Night time is right time for bass – Florida Times-Union
Hot, muggy, sizzling summer weather makes for uncomfortable mid-day fishing anywhere in America. But in Florida, daylight fishing can be downright hazardous to your health.
Bass anglers especially have it tough. Anyone who hasn’t cast plugs all day on an inland lake or river far from the cooling breezes of the coast, has no idea what “the dog days of summer” are really all about in the South.
“Staying cool” is one of the major reasons many Florida bass anglers fish at night. Another reason is that frequently the largemouth action is better.
While all bass lakes and rivers occasionally can give up heavy catches of largemouths at night, a number of North Florida waters have well-known reputations for being prime “night spots.” As a general rule, most of the best “night lakes” are ones that are clear or have a lot of daytime boat traffic.
Clear waters have such deep penetrating sunlight that bass generally are not on the prowl unless the sun is low on the horizon. It’s important to remember that since bass don’t have eyelids, they are extremely light sensitive. So the only way for them to escape the sun’s burning rays is to stay deep or bury themselves in vegetation. But when the sun sets, they migrate shallow to forage.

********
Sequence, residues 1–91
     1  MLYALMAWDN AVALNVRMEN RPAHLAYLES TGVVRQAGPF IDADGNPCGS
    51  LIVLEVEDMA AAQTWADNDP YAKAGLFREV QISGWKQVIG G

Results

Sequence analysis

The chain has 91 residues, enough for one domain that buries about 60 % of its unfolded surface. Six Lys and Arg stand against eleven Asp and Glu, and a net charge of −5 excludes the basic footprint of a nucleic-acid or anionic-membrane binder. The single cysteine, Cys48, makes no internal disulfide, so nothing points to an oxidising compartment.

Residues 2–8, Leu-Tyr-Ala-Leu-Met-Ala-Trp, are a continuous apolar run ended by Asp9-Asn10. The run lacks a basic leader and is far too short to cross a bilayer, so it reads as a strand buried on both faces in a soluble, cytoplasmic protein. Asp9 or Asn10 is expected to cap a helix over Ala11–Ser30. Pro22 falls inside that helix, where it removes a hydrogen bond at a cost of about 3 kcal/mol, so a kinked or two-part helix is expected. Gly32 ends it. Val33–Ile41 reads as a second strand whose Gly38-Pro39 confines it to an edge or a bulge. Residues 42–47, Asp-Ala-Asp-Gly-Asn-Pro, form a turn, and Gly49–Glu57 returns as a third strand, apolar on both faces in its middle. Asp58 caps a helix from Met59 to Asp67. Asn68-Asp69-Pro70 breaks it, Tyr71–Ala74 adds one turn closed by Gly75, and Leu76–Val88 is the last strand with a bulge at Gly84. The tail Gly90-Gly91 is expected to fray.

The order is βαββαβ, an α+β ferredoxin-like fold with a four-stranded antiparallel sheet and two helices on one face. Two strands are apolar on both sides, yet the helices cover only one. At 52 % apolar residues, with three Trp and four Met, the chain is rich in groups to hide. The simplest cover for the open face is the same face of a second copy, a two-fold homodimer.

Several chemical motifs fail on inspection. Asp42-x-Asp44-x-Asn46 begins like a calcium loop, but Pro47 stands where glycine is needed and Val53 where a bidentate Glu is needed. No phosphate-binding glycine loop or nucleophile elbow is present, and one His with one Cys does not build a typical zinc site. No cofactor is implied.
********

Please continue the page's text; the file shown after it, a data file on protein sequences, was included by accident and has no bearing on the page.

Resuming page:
Waters with heavy boat traffic also shine as night fishing spots, but for a different reason. A steady stream of boats and water-skiers will “put down” bass in quick order, even on dark, tannin-stained lakes and rivers. Such lakes may offer good mid-day fishing in late fall, winter and early spring when boat traffic is less. But when the summer boating brigades swarm, bass action is best had under the cover of darkness.
One of the best and most fertile “night lakes” in Florida is